closing the gap between creators and users of catalogues raisonnés
When I began this blog five years ago, it was the only place where producers of catalogues raisonnés could go to stay ahead of the curve—by understanding the challenges they face when using developing digital technologies to catalog provenance data.
This is still the only place.
In addition to the artist estates and foundations, museums, scholars and artists who create catalogues raisonnés, there are ever-increasing numbers of people who need to access the information they contain—art collectors, art dealers and auction houses, educators, students, exhibition curators, appraisers, art advisors, insurance companies, art lawyers, archivists, art conservators, art investment advisors, heirs of artists or collectors, lending institutions, librarians, trust & estate attorneys, wealth managers, writers and art critics, art investigators, and more.
I am now asking all the consumers of this vital information to participate in a very important conversation. I would like this blog to be an open forum—a place to ask questions, get advice, discuss possibilities, share experiences, and otherwise exchange ideas.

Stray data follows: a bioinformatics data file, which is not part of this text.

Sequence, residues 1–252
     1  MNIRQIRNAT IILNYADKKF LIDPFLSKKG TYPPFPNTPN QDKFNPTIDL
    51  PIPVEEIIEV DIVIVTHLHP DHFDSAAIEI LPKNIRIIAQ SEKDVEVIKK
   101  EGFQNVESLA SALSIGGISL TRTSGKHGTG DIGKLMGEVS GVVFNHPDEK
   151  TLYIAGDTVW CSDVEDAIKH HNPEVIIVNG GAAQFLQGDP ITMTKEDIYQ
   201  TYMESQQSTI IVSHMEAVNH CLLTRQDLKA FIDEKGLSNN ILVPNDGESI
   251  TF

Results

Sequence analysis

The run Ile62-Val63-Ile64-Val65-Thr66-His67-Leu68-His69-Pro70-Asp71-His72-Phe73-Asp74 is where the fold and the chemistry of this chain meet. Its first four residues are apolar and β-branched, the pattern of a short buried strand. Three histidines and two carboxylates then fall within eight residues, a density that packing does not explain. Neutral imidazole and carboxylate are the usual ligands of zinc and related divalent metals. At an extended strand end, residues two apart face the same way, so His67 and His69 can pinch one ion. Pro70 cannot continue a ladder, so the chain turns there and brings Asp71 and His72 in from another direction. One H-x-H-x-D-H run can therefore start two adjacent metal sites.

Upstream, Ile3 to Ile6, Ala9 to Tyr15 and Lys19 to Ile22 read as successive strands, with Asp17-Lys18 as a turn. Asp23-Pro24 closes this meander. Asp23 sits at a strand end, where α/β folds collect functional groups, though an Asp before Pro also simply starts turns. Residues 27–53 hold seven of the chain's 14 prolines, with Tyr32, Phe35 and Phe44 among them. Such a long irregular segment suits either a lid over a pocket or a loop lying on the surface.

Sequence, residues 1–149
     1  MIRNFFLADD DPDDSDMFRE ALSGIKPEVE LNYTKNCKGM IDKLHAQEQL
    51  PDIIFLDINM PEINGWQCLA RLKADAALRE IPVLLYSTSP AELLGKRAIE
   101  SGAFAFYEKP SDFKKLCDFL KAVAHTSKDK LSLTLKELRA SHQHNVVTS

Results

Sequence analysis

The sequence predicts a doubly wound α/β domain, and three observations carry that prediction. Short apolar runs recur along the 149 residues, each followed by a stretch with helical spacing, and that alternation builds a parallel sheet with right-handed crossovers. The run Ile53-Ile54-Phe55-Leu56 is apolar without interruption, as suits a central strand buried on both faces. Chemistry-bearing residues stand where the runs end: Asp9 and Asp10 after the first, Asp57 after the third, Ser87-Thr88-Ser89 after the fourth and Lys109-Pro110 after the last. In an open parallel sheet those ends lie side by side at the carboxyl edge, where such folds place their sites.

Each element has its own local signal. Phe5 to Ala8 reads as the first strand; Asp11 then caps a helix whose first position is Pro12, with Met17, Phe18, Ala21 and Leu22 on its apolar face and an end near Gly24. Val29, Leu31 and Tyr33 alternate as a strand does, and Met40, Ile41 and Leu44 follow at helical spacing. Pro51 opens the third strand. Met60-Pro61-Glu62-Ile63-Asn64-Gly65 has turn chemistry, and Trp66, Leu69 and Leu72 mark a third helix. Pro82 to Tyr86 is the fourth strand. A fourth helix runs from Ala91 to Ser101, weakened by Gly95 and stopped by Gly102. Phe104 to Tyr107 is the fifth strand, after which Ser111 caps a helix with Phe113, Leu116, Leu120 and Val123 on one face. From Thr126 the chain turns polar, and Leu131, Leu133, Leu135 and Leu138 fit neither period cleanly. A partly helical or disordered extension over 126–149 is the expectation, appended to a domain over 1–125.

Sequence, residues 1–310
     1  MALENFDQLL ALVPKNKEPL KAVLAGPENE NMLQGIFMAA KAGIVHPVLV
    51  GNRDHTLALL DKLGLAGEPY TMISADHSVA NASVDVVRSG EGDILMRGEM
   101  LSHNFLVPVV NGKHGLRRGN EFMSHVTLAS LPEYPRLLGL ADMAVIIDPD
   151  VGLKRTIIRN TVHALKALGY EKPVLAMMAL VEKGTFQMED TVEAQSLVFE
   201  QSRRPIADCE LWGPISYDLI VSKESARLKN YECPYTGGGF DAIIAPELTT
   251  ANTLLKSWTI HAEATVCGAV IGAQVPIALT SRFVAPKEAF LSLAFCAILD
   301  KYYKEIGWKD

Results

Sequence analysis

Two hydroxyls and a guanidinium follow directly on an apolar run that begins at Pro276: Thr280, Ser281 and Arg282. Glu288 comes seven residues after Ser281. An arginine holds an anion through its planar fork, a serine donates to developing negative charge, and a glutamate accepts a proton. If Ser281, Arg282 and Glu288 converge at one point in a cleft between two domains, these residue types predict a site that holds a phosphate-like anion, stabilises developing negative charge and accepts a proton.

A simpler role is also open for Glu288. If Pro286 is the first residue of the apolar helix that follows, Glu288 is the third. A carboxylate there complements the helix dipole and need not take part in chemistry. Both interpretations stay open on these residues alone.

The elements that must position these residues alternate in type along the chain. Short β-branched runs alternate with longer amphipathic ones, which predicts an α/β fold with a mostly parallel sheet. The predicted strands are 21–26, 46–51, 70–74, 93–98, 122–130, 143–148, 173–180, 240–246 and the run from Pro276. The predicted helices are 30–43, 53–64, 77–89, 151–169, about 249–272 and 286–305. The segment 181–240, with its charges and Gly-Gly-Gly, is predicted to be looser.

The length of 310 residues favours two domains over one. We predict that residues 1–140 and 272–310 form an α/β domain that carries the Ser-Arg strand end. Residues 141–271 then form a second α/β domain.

It is my hope, as a result of the ensuing dialogue, that those who are looking for accurate, verifiable provenance information will be able to find it more readily available. And that creators will be able to produce even better catalogues raisonnés, and richer end-user experiences, while maintaining the standards of time-honored cataloging practices.
Together we will bring the catalogue raisonné into the 21st Century.
CEO & Creative Director
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